Sleep and Biological Rhythms

, Volume 14, Issue 1, pp 97–105 | Cite as

A new light source (Valkee©) does not alter sleep–wake parameters and does not improve mood in phase delayed subjects

  • Ståle Pallesen
  • Øystein Nødtvedt
  • Ingvild West Saxvig
  • Bjørn Bjorvatn
Original Article

Abstract

Not much evidence exists concerning the effects on sleep and mood of transcranial bright light. In this study, 50 students, all with wake-up time 9:00 a.m. or later in weekends/free days, participated in a double-blind placebo-controlled experiment comparing the effects of bright light (n = 27; 8.0 lm) and placebo (n = 23; 0.1 lm). Data collection consisted of sleep assessment, with both sleep diaries and actigraphy. In addition, the Fatigue Severity Scale and the Profile of Mood States (POMS) were administered. Following 1 week of baseline recording, the therapy was initiated, aiming to phase advance the sleep–wake period. The therapy lasted for 2 weeks and consisted of gradually advancing daily light exposure of 12 min’ transcranial bright light. Subjects in the two conditions did not change differently from baseline to post-treatment on any sleep parameters. A significant condition × time interaction was found for one of six subscales (vigor–activity) of the POMS, suggesting a more favorable development from baseline to post-treatment in the placebo compared to the bright light condition. No differences in terms of side-effects were reported between conditions. It is concluded that transcranial bright light, at times where conventional light therapy has phase-advancing properties, did not influence any sleep parameters differently than placebo. Transcranial bright light was associated with a less favorable development from baseline to post-treatment on one mood parameter compared to placebo.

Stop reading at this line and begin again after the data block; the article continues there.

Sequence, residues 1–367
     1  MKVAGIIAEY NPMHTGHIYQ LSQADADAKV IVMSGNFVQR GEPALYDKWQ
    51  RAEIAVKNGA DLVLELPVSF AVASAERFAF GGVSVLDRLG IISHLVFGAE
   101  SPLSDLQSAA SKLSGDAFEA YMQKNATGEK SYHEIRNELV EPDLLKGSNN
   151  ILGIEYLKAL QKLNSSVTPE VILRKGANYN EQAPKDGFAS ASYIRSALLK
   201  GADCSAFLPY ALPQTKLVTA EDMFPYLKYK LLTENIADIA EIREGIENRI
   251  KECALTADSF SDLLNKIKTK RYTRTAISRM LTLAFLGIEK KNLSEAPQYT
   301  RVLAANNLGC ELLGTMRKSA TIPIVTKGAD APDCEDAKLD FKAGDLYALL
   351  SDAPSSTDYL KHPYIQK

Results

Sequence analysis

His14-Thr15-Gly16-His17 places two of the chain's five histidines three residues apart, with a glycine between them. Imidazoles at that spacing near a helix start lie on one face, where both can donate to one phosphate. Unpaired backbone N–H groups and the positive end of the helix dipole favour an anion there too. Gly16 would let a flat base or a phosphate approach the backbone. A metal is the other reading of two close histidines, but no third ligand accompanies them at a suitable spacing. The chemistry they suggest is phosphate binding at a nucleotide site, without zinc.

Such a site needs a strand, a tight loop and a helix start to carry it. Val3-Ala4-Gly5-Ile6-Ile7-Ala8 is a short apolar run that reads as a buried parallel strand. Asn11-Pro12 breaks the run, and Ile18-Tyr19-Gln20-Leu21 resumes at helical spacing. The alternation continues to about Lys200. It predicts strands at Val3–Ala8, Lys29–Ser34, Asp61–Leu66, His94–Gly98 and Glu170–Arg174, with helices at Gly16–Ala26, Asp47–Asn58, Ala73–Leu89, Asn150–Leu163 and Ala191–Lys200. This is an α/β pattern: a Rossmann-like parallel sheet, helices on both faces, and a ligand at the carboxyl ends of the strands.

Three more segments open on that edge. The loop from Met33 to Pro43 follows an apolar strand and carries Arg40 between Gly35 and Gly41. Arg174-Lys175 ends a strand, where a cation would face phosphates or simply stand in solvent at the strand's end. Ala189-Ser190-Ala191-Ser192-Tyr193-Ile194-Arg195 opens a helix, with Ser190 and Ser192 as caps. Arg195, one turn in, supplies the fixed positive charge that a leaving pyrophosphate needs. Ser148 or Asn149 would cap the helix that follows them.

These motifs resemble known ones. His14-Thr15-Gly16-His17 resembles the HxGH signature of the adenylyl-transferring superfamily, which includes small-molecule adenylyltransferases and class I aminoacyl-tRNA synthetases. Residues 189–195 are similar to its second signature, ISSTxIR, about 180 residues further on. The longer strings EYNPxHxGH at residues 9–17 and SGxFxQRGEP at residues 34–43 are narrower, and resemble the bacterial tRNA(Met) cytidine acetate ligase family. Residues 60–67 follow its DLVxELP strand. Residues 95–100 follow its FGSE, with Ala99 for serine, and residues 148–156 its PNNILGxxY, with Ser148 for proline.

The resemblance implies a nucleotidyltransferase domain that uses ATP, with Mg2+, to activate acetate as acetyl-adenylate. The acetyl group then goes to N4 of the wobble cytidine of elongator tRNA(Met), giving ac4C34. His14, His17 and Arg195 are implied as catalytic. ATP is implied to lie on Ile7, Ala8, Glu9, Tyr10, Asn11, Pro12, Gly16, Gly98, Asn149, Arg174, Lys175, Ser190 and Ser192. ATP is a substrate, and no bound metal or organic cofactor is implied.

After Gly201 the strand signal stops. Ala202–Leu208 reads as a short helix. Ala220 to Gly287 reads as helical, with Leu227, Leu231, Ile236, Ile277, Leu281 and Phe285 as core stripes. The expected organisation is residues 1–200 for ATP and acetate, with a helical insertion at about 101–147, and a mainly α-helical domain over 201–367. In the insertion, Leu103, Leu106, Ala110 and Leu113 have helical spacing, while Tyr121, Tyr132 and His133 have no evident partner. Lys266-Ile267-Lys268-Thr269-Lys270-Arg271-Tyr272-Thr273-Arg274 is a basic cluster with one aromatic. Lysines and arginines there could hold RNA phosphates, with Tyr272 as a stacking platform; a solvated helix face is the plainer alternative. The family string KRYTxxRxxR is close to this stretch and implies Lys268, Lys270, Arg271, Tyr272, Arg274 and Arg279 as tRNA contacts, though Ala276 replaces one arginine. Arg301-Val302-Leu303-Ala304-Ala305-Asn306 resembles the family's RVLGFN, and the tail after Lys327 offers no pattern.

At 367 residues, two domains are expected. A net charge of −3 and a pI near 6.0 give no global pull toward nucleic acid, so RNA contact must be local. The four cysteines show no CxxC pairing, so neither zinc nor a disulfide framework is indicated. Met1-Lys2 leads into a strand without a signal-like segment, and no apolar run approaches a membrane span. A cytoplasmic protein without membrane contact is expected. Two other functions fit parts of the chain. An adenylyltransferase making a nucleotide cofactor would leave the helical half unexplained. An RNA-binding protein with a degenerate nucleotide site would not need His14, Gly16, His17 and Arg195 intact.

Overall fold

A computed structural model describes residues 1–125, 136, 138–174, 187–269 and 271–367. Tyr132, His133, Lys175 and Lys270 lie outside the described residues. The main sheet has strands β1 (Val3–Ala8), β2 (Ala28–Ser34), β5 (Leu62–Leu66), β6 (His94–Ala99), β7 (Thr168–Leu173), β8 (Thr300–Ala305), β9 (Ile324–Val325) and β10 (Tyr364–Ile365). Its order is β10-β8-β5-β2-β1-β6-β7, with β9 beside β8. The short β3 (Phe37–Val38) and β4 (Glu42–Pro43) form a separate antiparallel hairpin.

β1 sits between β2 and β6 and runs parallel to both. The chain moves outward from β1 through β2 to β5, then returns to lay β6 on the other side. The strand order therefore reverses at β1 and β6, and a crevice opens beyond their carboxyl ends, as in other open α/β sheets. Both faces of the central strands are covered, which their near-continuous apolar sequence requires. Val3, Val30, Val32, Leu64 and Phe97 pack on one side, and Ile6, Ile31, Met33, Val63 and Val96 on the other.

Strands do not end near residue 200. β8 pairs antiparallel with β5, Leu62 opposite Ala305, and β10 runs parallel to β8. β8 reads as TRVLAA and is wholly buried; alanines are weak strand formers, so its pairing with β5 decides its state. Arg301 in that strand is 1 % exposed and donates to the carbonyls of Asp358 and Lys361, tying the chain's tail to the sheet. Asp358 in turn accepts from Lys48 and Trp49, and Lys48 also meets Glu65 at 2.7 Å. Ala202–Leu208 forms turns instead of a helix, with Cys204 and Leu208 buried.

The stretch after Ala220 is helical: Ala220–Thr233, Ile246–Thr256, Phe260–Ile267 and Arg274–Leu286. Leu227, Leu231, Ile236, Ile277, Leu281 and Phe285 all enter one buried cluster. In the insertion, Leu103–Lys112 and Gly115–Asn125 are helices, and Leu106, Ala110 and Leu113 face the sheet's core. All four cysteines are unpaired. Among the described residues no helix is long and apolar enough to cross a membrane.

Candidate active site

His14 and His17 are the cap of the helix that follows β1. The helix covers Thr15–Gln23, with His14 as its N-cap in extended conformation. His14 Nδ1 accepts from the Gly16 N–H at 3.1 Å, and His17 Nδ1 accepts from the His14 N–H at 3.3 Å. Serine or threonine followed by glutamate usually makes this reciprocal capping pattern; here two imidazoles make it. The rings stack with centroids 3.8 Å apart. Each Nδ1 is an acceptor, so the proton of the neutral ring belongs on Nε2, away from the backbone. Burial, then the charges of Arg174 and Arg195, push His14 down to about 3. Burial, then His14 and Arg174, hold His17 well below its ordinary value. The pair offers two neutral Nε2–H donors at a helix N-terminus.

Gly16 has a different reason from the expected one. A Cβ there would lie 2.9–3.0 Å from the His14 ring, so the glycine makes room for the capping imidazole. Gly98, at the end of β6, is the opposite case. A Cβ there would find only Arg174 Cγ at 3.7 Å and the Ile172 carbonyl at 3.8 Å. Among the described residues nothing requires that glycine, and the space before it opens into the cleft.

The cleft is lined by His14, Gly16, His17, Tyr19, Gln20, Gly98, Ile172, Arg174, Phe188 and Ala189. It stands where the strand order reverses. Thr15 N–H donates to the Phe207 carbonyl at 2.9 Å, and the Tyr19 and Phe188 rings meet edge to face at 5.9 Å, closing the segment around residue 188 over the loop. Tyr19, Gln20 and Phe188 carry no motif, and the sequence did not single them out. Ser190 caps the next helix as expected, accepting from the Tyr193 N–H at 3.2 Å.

Keywords

Transcranial bright light Sleep–wake rhythm Mood Randomized controlled trial 

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Copyright information

© Japanese Society of Sleep Research 2015

Authors and Affiliations

  • Ståle Pallesen
    • 1
    • 2
  • Øystein Nødtvedt
    • 1
  • Ingvild West Saxvig
    • 2
  • Bjørn Bjorvatn
    • 2
    • 3
  1. 1.Department of Psychosocial ScienceUniversity of BergenBergenNorway
  2. 2.Norwegian Competence Center for Sleep DisordersHaukeland University HospitalBergenNorway
  3. 3.Department of Global Public Health and Primary CareUniversity of BergenBergenNorway

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